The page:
“We give companies like Netflix and Akamai free access to space and power in our facilities, and they provide their own content servers,” Google Fiber director of engineering Jeffrey Burgan wrote in a blog post on Wednesday. “Since people usually only stream one video at a time, video traffic doesn’t bog down or change the way we manage our network in any meaningful way–so why not help enable it?”
The post is yet another salvo in the ongoing battle over the economics at the heart of the internet. As Comcast and Verizon begin charging companies like Netflix for access to their networks, many are worried that the big name ISPs will gain too much control over which technologies succeed on the net or which don’t, and companies like Google are pushing back, hoping to prevent a future where Comcast is a de facto gatekeeper for the internet.
It may not come as much of a surprise, but the major US telecom companies have significantly outspent supporters of net neutrality when it comes to lobbying on Capitol Hill. And they seem far more intent on getting their way. Between 2005 and 2013, Verizon, AT&T, and Comcast all mentioned the issue of net neutrality in more lobbying reports than any pro-neutrality companies. The trend is particularly unsettling as debate around net neutrality and the "open internet" rages on during the FCC's comment period on Chairman Tom Wheeler's latest proposal. But the biggest surprise may be the top spender on the list in support of net neutrality.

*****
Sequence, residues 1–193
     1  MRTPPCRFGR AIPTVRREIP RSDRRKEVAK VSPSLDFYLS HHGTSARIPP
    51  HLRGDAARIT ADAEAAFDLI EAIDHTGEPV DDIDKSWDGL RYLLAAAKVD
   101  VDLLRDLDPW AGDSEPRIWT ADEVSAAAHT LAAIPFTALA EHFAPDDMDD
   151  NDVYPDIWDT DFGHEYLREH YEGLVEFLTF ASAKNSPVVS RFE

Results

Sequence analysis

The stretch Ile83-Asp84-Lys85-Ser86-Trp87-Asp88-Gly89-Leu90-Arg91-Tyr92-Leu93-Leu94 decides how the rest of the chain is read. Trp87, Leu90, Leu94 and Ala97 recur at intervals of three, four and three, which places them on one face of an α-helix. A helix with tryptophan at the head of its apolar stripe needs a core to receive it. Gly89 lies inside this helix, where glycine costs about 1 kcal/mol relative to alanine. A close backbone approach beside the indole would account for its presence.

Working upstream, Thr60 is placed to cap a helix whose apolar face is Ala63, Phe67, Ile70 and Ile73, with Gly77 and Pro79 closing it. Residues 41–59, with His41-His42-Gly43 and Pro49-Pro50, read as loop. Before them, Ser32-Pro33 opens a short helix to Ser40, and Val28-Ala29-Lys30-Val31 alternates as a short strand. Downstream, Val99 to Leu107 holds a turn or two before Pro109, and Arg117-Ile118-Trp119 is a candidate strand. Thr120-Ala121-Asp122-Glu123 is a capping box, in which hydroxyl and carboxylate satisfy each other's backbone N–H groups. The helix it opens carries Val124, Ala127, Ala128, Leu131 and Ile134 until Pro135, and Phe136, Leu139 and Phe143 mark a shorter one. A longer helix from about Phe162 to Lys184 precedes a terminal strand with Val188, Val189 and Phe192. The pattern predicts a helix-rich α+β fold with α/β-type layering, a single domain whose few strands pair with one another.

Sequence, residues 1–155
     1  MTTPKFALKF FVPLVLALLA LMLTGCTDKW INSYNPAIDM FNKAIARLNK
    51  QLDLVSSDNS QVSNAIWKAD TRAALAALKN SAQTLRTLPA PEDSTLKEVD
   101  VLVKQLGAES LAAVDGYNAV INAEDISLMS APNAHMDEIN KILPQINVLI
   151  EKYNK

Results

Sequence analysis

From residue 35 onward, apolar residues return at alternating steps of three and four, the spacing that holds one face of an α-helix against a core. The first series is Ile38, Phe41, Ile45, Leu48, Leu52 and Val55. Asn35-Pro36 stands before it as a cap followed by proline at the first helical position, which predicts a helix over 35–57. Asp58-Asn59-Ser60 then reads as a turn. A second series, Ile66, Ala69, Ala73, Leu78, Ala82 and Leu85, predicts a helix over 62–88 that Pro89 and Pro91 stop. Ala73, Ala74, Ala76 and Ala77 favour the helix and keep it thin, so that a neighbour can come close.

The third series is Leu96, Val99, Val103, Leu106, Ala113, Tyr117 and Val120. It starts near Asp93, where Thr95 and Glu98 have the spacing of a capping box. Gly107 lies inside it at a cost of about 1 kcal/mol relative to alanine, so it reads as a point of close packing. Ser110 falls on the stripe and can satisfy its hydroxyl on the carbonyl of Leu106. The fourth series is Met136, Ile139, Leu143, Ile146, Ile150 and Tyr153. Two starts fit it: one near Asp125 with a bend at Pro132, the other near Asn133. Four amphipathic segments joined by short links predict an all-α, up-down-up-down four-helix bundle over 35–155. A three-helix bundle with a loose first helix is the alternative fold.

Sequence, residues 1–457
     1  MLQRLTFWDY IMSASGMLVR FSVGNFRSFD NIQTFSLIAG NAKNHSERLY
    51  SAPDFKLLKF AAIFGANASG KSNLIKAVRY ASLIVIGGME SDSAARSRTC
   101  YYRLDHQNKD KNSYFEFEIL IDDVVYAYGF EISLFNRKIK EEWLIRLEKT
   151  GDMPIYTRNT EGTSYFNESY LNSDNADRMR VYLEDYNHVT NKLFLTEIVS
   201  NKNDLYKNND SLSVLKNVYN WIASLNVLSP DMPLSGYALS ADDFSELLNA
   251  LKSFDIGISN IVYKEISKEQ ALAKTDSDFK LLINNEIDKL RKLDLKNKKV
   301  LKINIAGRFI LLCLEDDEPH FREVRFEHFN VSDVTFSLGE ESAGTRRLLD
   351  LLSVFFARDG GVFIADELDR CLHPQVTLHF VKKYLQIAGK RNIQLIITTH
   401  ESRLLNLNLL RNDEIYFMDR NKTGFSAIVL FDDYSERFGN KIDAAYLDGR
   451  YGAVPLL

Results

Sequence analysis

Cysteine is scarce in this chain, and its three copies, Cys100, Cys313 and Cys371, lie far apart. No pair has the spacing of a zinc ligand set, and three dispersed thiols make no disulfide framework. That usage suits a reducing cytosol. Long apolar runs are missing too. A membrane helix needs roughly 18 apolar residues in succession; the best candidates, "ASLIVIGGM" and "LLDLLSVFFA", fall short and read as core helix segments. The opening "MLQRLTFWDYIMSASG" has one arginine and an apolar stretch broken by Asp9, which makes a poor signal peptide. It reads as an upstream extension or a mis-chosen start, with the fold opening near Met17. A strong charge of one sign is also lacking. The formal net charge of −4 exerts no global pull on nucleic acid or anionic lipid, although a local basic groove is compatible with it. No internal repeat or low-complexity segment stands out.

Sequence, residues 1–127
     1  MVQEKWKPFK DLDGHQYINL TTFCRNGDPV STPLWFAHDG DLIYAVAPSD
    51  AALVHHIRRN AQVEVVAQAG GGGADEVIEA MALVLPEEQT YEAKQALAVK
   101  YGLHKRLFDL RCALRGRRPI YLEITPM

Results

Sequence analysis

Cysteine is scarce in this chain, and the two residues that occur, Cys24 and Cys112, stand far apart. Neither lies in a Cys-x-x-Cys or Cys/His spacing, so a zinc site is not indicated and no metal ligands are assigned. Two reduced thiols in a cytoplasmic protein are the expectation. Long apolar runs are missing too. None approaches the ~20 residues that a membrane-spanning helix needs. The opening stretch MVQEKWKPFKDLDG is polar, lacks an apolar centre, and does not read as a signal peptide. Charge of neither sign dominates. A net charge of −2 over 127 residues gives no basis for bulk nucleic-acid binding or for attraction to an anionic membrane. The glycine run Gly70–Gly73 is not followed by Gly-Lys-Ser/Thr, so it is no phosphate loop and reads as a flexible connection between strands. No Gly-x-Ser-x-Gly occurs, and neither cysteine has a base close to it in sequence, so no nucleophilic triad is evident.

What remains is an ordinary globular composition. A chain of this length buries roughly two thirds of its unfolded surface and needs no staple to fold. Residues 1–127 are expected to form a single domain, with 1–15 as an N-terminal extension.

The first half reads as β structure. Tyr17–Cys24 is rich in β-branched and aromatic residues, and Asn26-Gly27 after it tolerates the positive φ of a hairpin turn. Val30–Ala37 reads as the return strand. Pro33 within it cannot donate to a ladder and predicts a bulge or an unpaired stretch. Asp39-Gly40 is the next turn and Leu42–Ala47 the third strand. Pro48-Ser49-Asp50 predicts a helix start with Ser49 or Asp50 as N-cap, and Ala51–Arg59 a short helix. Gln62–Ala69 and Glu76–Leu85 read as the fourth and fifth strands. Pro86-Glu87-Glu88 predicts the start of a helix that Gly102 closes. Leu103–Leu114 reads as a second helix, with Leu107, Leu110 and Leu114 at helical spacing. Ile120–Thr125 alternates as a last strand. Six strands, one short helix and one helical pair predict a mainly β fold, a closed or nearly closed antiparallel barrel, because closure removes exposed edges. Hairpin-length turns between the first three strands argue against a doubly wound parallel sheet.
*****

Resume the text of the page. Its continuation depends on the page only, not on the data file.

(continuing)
Despite Google having the biggest tech lobby in Washington aside from the big internet service providers, AOL — the company best known for giving the world dial-up internet in the '90s and being one of the country's largest ISPs — has outspent Google on net neutrality issues. That's one of the main takeaways from data collected by Sunlight Foundation and reported on by The Daily Dot.
When Vic Gundotra, the head of Google+, suddenly announced his departure from Google today, many were left wondering "why" and what it meant for the future of Google+. He didn't give a reason for leaving, but according to a report from TechCrunch, the likely reason is a major shakeup for Google's social network.
In short, Google seems to be backing away from the original Google+ strategy. The report states that Google+ will no longer be considered a product that competes with Facebook and Twitter, and that Google's mission to force Google+ into every product will end. With this downgrade in importance comes a downgrade in resources. TechCrunch claims that 1000-1200 employees—many of which formed the core of Google+—will be moved to other divisions. Google Hangouts will supposedly be moved to Android, and the Google+ photos team is "likely" to follow. "Basically, talent will be shifting away from the Google+ kingdom and towards Android as a platform," the report said. The strange part is that both of these teams create cross-platform products. So if the report is true, there will be a group inside the Android team making iOS and Web apps, which doesn't seem like the best fit.
Microsoft really wants people to stop using Windows XP.
The company launched a new promotion that offers XP users $100 off the purchase of a new PC that costs more than $599 through the Microsoft Store from now until June 15. Buyers will also get 90 days of free support and free data transfer from their old XP-powered PC.
Microsoft is ending support for XP, which has been around for more than a decade, in April. That means any security flaws found by attackers after that point won’t be patched, leaving users who are still clinging to their old computers open to attack.